The only way PH can win the Tanjung Piai by-election is to cheat

Rashid was not only the Master of Election Fraud, he also openly confessed that the job of the EC or SPR is to ensure that the government does not lose political power. Rashid was not ashamed of what he was doing and proudly claimed that without him most Ministers would not be able to hold on to their seats.


Raja Petra Kamarudin

The New Straits Times (NST) said Pakatan Harapan is leading Muafakat Nasional in tomorrow’s Tanjung Piai by-election (READ BELOW). However, that is not what Pakatan Harapan’s intel says. According to Pakatan’s own internal assessment, they are going to lose the by-election tomorrow by about 2,000 votes or so.

There is only one way Pakatan or PPBM can win tomorrow’s by-election. And that would be to cheat. And PPBM has the chief of cheaters in their team — Abdul Rashid Abdul Rahman.

Rashid used to be with the Election Commission (EC) or SPR for 29 years from 1979 to 2008 (with a short break of two years from 1995 to 1997) and was involved in six general elections. And, according to Bersih plus many NGOs, Rashid was instrumental in rigging all the general elections since Tun Dr Mahathir Mohamad became Prime Minister in 1981.

Rashid Rahman has been rigging elections since Dr Mahathir Mohamad became Prime Minister in 1981

Rashid was not only the Master of Election Fraud, he also openly confessed that the job of the EC or SPR is to ensure that the government does not lose political power. Rashid was not ashamed of what he was doing and proudly claimed that without him most Ministers would not be able to hold on to their seats.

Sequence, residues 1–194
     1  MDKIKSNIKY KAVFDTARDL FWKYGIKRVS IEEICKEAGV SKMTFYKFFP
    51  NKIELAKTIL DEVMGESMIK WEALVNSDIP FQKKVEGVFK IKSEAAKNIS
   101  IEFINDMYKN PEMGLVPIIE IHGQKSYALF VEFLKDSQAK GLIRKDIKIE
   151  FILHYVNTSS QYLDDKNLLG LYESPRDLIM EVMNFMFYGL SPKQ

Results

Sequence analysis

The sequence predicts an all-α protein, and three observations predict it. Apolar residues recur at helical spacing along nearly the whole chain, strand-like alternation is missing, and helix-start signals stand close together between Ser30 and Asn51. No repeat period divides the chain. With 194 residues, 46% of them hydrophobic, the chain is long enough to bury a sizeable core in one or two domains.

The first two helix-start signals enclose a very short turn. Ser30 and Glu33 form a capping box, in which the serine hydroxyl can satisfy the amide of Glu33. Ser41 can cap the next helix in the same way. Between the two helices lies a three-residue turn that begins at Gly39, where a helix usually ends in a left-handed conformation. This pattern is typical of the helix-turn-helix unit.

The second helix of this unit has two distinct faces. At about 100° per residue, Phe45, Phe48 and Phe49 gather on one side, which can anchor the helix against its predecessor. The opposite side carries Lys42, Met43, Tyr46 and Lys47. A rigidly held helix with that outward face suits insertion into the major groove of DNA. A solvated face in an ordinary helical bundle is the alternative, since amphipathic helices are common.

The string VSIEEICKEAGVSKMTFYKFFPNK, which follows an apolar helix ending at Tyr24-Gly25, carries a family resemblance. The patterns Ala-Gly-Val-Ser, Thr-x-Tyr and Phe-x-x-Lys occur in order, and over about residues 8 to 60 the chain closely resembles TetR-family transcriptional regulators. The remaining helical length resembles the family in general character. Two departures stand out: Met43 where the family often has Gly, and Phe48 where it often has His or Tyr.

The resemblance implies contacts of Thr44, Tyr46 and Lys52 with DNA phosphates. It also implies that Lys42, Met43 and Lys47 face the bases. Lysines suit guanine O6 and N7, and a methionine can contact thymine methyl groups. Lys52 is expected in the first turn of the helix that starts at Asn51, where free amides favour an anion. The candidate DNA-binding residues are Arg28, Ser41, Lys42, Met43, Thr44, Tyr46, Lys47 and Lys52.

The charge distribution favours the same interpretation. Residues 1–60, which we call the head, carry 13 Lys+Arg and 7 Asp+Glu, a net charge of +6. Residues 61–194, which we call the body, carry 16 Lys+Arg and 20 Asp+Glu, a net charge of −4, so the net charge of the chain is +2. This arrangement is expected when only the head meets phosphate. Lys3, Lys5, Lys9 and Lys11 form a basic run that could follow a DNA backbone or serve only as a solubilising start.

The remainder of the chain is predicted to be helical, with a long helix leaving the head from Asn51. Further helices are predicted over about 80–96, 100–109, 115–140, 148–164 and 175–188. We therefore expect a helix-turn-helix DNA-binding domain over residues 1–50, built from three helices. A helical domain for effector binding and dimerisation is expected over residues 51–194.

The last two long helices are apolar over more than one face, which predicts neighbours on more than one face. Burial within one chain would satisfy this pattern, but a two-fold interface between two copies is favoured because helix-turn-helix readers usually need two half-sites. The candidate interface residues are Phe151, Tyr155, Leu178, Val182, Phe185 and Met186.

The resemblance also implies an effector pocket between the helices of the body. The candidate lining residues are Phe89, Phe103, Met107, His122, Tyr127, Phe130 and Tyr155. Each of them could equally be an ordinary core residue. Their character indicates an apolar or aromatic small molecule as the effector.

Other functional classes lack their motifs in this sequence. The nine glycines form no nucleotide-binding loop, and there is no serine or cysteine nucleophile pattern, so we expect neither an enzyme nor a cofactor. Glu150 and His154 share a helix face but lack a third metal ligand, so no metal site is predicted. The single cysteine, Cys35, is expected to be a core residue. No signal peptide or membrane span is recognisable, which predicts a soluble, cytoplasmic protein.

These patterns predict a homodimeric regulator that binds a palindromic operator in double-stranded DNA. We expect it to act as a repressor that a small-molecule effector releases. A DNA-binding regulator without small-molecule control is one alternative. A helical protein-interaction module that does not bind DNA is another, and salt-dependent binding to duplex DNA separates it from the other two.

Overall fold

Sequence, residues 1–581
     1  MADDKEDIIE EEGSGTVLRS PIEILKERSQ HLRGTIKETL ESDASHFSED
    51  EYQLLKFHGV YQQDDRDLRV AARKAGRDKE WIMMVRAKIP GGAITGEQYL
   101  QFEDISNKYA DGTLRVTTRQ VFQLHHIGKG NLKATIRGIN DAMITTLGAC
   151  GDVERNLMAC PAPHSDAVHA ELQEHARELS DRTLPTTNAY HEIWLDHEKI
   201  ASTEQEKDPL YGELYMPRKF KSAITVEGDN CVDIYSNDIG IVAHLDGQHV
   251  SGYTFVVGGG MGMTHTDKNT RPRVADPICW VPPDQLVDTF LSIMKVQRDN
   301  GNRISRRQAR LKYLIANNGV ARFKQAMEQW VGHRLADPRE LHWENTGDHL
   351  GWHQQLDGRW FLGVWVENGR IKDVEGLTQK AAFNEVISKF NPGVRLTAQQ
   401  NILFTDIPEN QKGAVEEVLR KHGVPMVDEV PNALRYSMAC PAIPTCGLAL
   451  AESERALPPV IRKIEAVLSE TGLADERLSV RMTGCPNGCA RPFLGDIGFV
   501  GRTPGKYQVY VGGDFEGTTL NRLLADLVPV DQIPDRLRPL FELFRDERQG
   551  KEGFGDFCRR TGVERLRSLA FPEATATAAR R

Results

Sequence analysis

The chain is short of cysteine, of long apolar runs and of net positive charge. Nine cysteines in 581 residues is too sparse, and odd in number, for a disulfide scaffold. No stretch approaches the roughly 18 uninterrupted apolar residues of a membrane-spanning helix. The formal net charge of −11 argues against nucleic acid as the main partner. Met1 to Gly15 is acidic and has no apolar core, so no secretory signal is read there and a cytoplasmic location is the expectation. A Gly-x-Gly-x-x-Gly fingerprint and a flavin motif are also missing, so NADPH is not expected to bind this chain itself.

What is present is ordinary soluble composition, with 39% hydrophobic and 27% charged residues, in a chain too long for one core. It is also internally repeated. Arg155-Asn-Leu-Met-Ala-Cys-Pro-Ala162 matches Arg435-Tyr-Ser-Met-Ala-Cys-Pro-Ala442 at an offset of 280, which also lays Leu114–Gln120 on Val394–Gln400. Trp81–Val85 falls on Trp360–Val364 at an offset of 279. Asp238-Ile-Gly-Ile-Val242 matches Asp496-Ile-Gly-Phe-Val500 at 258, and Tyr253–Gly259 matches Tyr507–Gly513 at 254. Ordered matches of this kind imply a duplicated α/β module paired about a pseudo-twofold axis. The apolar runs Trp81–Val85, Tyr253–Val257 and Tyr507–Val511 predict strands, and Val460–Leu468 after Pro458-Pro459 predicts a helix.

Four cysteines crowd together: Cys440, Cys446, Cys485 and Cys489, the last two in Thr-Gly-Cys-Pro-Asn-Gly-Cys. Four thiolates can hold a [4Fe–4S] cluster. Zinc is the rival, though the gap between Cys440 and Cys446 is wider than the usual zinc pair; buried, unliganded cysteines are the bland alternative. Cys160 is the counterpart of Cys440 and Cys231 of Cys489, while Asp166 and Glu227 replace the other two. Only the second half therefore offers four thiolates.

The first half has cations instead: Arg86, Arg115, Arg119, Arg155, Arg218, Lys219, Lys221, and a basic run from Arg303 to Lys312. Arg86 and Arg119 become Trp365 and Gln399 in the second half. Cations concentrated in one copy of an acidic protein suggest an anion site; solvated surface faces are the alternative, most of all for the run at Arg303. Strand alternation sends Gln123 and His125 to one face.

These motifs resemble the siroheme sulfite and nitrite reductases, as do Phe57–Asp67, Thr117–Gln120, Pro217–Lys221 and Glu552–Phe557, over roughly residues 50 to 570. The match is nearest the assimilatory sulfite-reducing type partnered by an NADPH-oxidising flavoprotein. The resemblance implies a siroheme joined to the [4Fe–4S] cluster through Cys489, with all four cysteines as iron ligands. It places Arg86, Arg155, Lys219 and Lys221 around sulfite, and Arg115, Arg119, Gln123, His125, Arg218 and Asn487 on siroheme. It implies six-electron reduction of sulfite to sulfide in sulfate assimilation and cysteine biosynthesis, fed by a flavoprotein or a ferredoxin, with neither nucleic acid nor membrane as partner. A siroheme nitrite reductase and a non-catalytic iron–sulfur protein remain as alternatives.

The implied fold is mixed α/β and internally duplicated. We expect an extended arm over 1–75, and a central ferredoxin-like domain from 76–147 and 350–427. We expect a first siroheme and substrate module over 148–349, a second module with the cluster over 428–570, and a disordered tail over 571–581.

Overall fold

Let us see how Rashid helps Pakatan Harapan or PPBM win tomorrow’s Tanjung Piai by-election — through fraud, of course.


Pakatan leads Barisan in poll

AS the Tanjung Piai by-election race draws closer, the mood among the voters is changing just like the weather here.

Last week, it was scorching, but as rainfall hit southern Johor, the support for Pakatan Harapan (PH) began pouring in, too, based on the results of a survey by Institut Darul Ehsan (IDE) recently.

IDE said PH was leading the race at 53 per cent with Barisan Nasional trailing at 44 per cent. The survey involved 1,200 respondents.

This close contest should not come as a surprise as the PH machinery has been working round the clock to go to the ground, meeting supporters and critics alike to convey their side of the story.

PH candidate Karmaine Sardini has been making his rounds from as early as 5.30am. His schedule usually starts at the mosque, where he performs subuh prayers with his campaign team members.

Karmaine’s schedule ends around midnight daily. This is a lot to take for a 66-year-old.

“He knows how hard he has to work. Karmaine is trying to adjust to life as a potential Tanjung Piai member of parliament,” a source close to the party told the New Straits Times.

Parti Pribumi Bersatu Malaysia president Tan Sri Muhyiddin Yassin, who, on Wednesday, was buoyed by the reception from voters, said support was leaning towards PH.